a PaRtiaL wOrK oF FiCtioN (2): LaW & oRdeR

1. The accusation, The accused

I take a seat on a hard wooden chair that is surprisingly comfortable, given the splinters that poke me as I lean back.

I notice a girl sit in front of me at roughly the same moment.

“good, you’re on time.  That is very satisfactory indeed.  I don’t like wasting my time with late comers.”

The girl has what seems to be a worried look on her face, but is silent.  I continue on:

“well, let’s see here” fumbling with the papers in front of me, “so, to confirm, you are the accused, and the accusation: extreme cowardice.

The main light flickers on and off.  This is very bothersome to me, so I switch it off and lean forward to turn on the side lamp instead.  It is just about adequate.  I notice the girl once more, although not as clearly as before.

She is leaning forward, her arms crossed in front of her on the table that separates us both.  Flawless skin and inoffensive countenance.  A look well below her age.  Will she be able to handle the indictment?

We must begin.

2. The informal trial

“How do you plead?”

“You have to answer”

“If you do not, I can hold you in contempt.”

“Very well, i can see you are scared and alone.  I can only assume that, were you to speak, your choice would be “not guilty””

“Now let us look at the evidence.”

“You were blaming others for their weakness to stand up for what they believe in.  What have you stood for?  You were heard using such words as “yellow-belly”, “sell-out”, “push-over”.  You even used the very word of which you are accused “coward”.  Is this so?”

(Pause)

“I will keep on going until you decide to say something”.

“Your revulsion toward the layman is very apparent, even though you yourself are a layman.  You chose to reprimand them for not doing anything better with their lives.  Your cowardice is so well embedded in you that you wont even venture to voice these views.  They remain silent opinions.  In fact, let us add “hypocrisy” to the charge.  I’m sure you wont protest.  You haven’t raised any objections so far.”

“Let us move onto the final.  The bringing down of your friends because you were too stubborn to see that everyone makes mistakes.  You wore them down with your taunts and jeers, never once looking inward to see if you were qualified to pass these judgements.  In fact, let us add “pride” to this charge.”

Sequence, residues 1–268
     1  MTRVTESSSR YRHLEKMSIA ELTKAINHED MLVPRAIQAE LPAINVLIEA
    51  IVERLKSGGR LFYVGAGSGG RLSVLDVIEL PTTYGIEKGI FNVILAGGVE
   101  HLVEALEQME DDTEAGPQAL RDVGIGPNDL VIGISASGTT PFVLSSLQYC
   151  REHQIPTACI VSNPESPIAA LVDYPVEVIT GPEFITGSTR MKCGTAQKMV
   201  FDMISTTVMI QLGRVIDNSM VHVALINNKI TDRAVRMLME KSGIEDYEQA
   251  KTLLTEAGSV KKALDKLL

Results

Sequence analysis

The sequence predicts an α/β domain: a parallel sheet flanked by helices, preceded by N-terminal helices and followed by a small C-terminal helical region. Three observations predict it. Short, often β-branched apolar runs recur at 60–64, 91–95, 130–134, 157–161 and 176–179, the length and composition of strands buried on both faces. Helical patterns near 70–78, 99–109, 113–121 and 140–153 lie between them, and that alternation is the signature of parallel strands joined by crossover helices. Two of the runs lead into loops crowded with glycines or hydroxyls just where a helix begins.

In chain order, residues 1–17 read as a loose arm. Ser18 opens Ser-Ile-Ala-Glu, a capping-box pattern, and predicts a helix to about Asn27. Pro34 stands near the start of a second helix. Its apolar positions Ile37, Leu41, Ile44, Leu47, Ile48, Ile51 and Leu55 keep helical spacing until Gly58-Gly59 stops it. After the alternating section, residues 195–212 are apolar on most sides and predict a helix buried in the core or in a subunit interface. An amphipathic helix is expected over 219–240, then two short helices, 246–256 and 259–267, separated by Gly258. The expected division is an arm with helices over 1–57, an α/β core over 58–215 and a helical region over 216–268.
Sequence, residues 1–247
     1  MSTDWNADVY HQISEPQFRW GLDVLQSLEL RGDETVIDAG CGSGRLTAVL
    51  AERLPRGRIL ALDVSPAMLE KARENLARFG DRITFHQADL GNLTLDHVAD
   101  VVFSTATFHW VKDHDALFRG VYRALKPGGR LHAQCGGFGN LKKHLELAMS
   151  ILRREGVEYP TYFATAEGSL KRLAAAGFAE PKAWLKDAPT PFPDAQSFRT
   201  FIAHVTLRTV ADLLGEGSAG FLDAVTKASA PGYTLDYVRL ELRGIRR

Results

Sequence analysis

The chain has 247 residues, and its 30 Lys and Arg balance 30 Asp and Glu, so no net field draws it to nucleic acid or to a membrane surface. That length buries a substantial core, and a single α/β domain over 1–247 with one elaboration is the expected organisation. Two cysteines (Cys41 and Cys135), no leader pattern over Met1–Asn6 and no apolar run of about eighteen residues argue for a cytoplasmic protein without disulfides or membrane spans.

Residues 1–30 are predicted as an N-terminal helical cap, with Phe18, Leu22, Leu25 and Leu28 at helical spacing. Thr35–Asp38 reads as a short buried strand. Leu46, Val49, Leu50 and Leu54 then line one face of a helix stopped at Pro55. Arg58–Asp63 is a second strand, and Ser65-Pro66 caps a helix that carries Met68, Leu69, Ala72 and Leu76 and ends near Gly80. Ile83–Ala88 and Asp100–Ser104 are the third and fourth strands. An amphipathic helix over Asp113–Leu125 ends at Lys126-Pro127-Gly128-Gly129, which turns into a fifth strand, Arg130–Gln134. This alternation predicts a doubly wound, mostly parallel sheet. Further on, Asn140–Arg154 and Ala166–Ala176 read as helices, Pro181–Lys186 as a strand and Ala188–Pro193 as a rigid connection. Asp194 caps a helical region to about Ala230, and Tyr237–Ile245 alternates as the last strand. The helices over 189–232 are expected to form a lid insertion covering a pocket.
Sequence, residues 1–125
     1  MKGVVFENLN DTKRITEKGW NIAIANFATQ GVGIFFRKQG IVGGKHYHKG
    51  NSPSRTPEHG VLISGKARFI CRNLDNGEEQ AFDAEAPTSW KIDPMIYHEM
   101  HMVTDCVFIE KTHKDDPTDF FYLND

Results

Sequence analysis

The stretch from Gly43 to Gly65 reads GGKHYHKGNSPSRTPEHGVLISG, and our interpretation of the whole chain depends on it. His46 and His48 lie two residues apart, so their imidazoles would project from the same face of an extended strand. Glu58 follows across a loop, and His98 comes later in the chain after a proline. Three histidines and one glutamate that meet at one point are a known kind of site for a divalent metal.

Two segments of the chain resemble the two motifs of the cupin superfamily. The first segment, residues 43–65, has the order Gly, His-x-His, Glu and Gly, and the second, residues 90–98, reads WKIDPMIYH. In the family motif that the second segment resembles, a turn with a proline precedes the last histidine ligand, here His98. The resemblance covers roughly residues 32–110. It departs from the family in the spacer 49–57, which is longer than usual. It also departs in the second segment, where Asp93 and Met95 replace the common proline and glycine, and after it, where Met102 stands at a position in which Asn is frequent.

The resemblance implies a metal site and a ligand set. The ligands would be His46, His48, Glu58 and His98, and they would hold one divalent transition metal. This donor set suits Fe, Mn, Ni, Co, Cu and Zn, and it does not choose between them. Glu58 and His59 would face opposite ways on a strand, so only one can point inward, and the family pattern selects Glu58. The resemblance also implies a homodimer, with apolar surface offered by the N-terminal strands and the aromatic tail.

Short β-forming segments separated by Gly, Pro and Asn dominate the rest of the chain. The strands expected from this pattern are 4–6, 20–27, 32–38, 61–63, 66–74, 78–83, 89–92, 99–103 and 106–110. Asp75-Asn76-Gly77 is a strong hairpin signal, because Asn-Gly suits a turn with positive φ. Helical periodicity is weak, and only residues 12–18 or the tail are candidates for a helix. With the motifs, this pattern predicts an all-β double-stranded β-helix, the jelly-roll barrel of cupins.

“Now what do you have to say?”

(Pause)

“DAMN IT, SPEAK UP”

“SPEAK UP”

“DO YOU DENY THESE CHARGES?”

Her mouth is open, as if to say something, but I don’t let her.

“COWARD…HYPOCRITE…PROUD…IS THIS YOU?”

“SPEAK UP?”

once again her mouth opens, but I interject.

‘I AM TIRED OF PEOPLE LIKE YOU AND YOUR ARROGANCE”.

My hand hurts as I slam it down onto the table while standing up.  I point at her, but cannot see her because the shadows from the lamp don’t allow me to from the standing position.  But I can tell she is afraid.  It puzzles me that I can sense this, but I don’t give it much thought because of my outrage toward her.

“I am ready for my verdict.  You stand accused.”

3. The verdict

GUILTY

4. The accusation, The accused

I am satisfied with this verdict.  It has released the strain of the trial.

Just at that moment, someone passes by. “I am a great admirer of your work” they say to me.  “Would you autograph this picture of yourself for me?”

Filled with a sense of great importance, I take the photo and hold it to the light.  Something is wrong.  This can’t be me.  But I’ve seen her before.

My blood becomes chilled within me as I now begin to understand why I was aware of her feelings.

I sit back down, she does the same.  The once comfortable chair now distresses me.

I stretch out my hand and it is stopped by an invisible screen.  Our hands touch at exactly the same points.

I am her, and she is me.  I touch my face, she touches hers.  Our skin, wrinkled.  Out countenance, worn.

Our synchronised movements are only now becoming clear to me.

She stands accused, and so do I.

our accusation: cowardice, hypocrisy, pride

The accused: Me

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